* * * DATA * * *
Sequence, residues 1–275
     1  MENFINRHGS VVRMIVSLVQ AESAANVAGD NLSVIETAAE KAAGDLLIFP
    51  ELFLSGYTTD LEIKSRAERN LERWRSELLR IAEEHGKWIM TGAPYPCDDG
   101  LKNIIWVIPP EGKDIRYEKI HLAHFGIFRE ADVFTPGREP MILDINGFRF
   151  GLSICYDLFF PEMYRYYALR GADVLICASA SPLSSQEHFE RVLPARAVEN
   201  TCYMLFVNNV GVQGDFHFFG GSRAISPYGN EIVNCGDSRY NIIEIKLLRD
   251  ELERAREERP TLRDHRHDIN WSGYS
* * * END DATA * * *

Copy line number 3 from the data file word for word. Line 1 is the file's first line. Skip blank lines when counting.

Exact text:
    51  ELFLSGYTTD LEIKSRAERN LERWRSELLR IAEEHGKWIM TGAPYPCDDG